A Collaborative Effort for Employment of People with Disabilities
Yesterday, the United Cerebral Palsy Association of Oregon filed a class action lawsuit against Oregon Governor John Kitzhaber and other state officials in the hopes of ending the practice of sheltered workshop employment for people with disabilities. According to the lawsuit, these individuals are “stuck in long-term, dead-end, facility based sheltered workshops that offer virtually no interaction with non-disabled peers.” It again brings the difficult issue of a widespread lack of employment opportunities for people with disabilities to public consciousness.
We’re neither defending nor disputing sheltered workshops as it applies to this lawsuit. We don’t believe sheltered workshops are the only solution to employment of people with significant cognitive or physical disabilities—or anyone with significant barriers to employment, for that matter—nor do we believe that they are the only problem. Indeed; there’s no one-size-fits-all, no single solution to the large problem of disability unemployment in general. People with disabilities are individuals with a wide scope of abilities and employment goals. Many of these individuals want to work competitively and can be valuable, productive employees that businesses would want to hire. We can’t overlook business as an integral part of the employment picture. Thus, we believe that employment programs that collaborate with business make the most sense for the largest number of people with disabilities.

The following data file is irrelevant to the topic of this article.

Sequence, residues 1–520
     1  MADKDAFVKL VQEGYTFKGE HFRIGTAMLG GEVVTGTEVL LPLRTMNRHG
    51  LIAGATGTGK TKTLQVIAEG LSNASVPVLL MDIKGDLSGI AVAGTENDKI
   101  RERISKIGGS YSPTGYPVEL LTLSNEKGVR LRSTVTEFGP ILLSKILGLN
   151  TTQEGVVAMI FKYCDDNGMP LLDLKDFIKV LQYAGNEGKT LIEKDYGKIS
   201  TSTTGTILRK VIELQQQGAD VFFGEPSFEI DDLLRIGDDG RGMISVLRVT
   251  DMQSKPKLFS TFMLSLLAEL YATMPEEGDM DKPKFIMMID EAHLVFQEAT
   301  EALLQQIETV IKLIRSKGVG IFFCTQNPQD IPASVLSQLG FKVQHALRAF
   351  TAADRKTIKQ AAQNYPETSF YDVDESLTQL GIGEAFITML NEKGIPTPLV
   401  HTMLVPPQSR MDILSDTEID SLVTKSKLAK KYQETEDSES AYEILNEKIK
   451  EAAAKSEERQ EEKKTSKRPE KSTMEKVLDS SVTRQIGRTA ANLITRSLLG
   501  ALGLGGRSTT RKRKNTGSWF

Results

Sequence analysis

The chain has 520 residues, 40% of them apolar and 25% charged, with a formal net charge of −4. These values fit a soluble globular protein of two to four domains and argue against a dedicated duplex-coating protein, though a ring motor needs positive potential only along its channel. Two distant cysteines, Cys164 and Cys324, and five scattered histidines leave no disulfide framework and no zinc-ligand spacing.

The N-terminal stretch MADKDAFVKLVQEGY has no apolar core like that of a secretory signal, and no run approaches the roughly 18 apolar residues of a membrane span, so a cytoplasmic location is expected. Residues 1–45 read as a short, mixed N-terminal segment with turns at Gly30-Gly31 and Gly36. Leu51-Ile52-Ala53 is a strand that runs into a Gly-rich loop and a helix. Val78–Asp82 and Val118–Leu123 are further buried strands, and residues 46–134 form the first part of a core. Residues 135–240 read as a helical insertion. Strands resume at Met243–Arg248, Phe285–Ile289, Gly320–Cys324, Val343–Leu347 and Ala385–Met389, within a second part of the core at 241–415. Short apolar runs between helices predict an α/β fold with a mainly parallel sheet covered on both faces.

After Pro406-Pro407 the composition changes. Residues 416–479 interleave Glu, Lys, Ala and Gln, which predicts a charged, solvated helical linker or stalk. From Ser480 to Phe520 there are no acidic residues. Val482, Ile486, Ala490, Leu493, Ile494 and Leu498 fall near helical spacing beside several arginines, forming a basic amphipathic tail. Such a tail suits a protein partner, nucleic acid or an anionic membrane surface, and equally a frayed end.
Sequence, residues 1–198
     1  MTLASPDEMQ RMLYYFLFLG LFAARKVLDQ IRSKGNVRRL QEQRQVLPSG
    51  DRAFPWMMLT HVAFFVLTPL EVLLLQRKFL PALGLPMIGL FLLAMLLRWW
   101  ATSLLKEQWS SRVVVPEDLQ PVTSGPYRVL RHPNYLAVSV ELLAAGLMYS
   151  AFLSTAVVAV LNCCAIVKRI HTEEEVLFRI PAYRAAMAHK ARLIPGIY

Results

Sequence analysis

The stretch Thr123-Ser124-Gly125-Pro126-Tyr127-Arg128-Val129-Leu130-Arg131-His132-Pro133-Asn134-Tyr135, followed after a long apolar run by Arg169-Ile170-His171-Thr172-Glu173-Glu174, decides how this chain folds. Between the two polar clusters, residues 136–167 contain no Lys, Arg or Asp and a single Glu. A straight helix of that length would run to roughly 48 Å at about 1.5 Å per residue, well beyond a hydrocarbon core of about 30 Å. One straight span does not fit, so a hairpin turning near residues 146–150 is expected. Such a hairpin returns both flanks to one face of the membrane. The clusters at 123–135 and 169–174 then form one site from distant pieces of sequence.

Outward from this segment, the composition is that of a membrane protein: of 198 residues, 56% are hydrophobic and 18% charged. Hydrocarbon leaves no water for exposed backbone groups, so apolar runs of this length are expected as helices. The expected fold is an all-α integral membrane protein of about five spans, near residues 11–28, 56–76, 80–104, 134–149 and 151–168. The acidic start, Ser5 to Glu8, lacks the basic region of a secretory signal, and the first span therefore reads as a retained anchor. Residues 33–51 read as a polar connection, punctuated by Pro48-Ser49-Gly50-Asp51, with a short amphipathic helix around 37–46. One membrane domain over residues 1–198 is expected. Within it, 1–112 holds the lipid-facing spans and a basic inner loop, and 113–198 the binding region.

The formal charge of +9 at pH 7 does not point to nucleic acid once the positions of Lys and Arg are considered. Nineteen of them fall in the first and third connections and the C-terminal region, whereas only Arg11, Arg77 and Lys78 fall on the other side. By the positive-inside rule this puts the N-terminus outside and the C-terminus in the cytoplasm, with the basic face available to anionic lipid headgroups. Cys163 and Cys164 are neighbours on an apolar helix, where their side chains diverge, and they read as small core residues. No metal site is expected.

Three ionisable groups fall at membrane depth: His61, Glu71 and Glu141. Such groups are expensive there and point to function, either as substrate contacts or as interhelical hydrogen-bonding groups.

DePaul Industries has spearheaded the Project SEARCH program for people with significant intellectual disabilities in Oregon for several years. Project SEARCH participants work onsite in positions alongside non-disabled employees at large Portland businesses like The Standard as true, integrated employees: They are on these companies’ payrolls, receiving all applicable benefits and career advancement opportunities. These employers embrace the program not only because it’s a social good, but because it just makes good business sense—the employees are good workers adding value to their employers. We are currently developing more opportunities with other large Oregon employers, but we can’t—and don’t want to—do it alone.
We definitely don’t have all of the answers, but we believe Project SEARCH is one solution that needs to gain traction, and one that possesses the underpinnings to provide the most benefits for all involved—for business, for the state, for private investors, for service organizations, and most importantly for people with disabilities. We’re not laying claim to the model—it needs to grow legs. If you’re a business, come talk to us. If you’re with the state, come talk to us. If you’re an agency that works for the employment of people with disabilities, come talk to us. We want to work with you. This is an opportunity to collaborate—to develop a concerted, combined effort among all stakeholders to put a significant dent in this problem. Only then can we really change the landscape of employment for people with disabilities.